ClusterONE command line interface

Author: Tamás Nepusz, Haiyuan Yu, Alberto Paccanaro


This is the documentation of the command line interface of ClusterONE, created by Tamás Nepusz, Haiyuan Yu and Alberto Paccanaro.

If you use results calculated by ClusterONE in a publication, please cite one of the suggested references.

The one-minute guide to using ClusterONE

The command line interface of ClusterONE is distributed in a Java archive file (JAR). Its name is likely to be something like cluster_one-X.Y.jar, where X.Y is the version number. In the document, we will simply use the name without the version number.

In the rest of this document, a dollar ($) sign at the start of a line in the examples represents the shell prompt of the operating system. There is no need to type it.

The easiest use-case is to run ClusterONE on an input file containing id1-id2-weight triplets. Assuming that you have the Java interpreter on the path of your operating system, this is as simple as:

$ java -jar cluster_one.jar input_file.txt

ClusterONE also works on SIF files (Standard Interaction Format). It ignores the interaction types and assumes each interaction to have a weight of 1.0:

$ java -jar cluster_one.jar input_file.sif

In most cases, the only parameters of the algorithm you wish to tweak is the size and density thresholds of the detected complexes (3 and 0.3 by default):

$ java -jar cluster_one.jar input_file.txt -s 4 -d 0.4

The above command line would detect complexes with at least four proteins and a minimum density of 0.4.

You can also supply the input file on the standard input by specifying - as the input file name:

$ java -jar cluster_one.jar -

When you are not using the standard input for supplying the input dataset, you can use it to detect a protein complex around a pre-defined set of seed nodes by setting the seeding method to stdin:

$ java -jar cluster_one.jar input_data.txt -S stdin

Alternatively, you can specify a single seed on the command line using the single seeding method:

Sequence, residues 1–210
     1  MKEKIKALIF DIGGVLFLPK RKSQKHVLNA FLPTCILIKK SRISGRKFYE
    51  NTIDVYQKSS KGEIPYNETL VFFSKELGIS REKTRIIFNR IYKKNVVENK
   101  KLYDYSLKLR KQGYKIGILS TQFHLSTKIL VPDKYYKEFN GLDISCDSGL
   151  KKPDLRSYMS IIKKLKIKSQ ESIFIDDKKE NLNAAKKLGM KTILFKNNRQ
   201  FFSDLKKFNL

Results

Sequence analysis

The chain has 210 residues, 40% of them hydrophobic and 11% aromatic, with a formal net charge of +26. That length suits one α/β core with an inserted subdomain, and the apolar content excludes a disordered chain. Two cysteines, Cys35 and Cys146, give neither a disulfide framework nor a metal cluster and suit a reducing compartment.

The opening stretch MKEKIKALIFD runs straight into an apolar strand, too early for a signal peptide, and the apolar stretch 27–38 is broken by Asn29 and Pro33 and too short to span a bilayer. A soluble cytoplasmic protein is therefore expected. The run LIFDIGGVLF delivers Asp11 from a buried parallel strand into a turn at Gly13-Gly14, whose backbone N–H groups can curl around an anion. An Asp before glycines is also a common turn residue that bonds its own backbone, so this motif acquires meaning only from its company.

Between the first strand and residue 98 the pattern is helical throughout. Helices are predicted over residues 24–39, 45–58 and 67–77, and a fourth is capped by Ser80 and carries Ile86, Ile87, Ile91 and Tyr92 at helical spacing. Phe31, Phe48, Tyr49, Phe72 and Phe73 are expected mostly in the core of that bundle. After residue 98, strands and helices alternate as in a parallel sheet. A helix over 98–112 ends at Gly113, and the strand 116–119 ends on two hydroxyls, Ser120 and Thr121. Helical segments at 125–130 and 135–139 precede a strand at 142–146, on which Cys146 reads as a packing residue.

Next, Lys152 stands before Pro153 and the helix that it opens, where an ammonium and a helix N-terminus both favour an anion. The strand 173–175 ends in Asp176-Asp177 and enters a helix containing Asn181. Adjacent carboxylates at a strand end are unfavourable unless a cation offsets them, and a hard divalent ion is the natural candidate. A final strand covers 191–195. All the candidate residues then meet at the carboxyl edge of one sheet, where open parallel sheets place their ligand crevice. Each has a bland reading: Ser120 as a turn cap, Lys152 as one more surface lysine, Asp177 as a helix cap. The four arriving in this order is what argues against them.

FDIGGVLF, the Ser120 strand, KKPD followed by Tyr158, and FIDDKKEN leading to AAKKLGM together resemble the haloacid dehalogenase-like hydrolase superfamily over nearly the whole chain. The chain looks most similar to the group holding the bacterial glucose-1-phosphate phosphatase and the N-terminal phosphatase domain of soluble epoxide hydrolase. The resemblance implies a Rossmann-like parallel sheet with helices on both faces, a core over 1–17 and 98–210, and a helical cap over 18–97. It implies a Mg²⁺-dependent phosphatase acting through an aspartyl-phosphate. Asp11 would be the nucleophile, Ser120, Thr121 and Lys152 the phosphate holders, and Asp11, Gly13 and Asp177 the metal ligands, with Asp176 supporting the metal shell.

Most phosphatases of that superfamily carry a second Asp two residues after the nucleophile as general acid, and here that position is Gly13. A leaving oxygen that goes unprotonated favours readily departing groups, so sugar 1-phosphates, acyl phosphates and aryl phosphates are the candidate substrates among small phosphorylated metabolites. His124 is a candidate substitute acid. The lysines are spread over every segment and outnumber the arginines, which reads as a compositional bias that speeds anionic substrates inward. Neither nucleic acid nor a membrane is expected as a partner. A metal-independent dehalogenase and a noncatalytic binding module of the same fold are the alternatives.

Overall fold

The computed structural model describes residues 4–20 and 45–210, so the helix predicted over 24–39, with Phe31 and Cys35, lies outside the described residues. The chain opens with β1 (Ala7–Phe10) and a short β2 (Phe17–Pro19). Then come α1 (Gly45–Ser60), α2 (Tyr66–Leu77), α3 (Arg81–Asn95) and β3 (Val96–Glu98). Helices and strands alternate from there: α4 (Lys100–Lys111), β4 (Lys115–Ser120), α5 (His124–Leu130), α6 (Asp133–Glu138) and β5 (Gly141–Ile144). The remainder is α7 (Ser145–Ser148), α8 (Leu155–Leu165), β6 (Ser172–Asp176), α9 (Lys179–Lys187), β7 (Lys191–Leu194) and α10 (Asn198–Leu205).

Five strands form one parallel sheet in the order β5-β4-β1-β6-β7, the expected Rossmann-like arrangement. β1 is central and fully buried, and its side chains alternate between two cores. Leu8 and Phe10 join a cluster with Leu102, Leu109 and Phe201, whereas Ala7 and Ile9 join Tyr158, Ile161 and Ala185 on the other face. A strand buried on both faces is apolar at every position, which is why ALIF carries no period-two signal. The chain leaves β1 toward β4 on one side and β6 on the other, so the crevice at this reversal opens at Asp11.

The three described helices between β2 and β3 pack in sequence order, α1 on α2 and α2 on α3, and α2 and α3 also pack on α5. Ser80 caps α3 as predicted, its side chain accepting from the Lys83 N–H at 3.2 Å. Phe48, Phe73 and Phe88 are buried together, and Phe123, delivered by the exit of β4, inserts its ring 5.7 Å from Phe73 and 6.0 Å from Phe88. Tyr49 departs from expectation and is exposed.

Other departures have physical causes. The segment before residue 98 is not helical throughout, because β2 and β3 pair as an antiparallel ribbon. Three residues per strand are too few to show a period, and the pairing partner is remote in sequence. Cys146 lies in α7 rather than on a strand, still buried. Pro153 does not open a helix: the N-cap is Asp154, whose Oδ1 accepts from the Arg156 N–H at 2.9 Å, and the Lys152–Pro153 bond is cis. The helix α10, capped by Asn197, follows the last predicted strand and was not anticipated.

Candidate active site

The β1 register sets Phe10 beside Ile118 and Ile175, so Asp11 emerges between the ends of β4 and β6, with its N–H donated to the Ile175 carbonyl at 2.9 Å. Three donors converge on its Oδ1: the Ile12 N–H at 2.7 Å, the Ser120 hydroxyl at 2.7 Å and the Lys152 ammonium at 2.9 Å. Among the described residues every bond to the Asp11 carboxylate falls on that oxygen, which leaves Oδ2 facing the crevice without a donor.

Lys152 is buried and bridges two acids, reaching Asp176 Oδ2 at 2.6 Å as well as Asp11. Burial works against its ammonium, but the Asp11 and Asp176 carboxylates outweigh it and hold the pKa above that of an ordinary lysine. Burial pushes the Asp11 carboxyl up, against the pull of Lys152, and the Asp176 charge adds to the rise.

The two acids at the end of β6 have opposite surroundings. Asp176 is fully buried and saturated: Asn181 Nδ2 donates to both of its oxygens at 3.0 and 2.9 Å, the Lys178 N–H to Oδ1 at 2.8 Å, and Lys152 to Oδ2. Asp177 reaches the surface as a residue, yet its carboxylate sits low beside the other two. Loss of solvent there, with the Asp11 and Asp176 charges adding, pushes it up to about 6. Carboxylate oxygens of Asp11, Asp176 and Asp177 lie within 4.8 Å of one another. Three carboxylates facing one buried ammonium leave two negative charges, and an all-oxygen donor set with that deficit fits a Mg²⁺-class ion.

$ java -jar cluster_one.jar input_data.txt -S 'single(node1,node2,node3)'

Note that it is usually necessary to enclose arguments containing parentheses in single quotes if your shell would otherwise try to interpret the parentheses on its own.

For more details about the command line arguments, see Invocation.

Description of the algorithm

ClusterONE strives to discover densely connected and possibly overlapping regions within the Cytoscape network you are working with. The interpretation of these regions depends on the context (i.e. what the network represents) and it is left up to you. For instance, in protein-protein interaction networks derived from high-throughput AP-MS experiments, these dense regions usually correspond to protein complexes or fractions of them. ClusterONE works by "growing" dense regions out of small seeds (typically one or two vertices), driven by a quality function called cohesiveness.

Before we move on to the formal definition of cohesiveness, let us introduce some terminology that classifies vertices and edges of a graph G according to their relationship to a selected group of vertices V0. Vertices of V0 are called internal vertices, while vertices not in V0 are called external vertices. An edge that is situated between two internal vertices is an internal edge, an edge going between an internal and an external vertex is a boundary edge, and an edge between two external vertices is an external edge. An internal vertex incident on at least one boundary edge is an internal boundary vertex, while an external vertex incident on at least one boundary edge is an external boundary vertex. The following figure illustrates these concepts:


Here, V0 itself is denoted by a shaded background, which delimits internal and external vertices. Thick black edges are internal, thin black edges are boundary edges, while thin gray dashed edges are completely external. Vertices marked by a letter are (internal or external) boundary vertices.

The quality of the group can be assessed by the number of internal edges divided by the sum of the number of internal and boundary edges. This quality measure is driven by the fact that a well-defined group should have many internal edges and only a few boundary edges; in other words, the boundary of the group should be sharp. If the edges have weights (i.e. a numeric value assigned to each edge that quantifies how reliable that edge is or how confident we are in its existence), the same guidelines apply, but the number of edges should be replaced by the total confidence associated to those edges. Whenever you have such confidence values, store them in a numeric edge attribute in Cytoscape and use that attribute to drive the cluster growth process. From now on, such confidence values will simply be called edge weights and the above mentioned quality measure will be referred to as cohesiveness.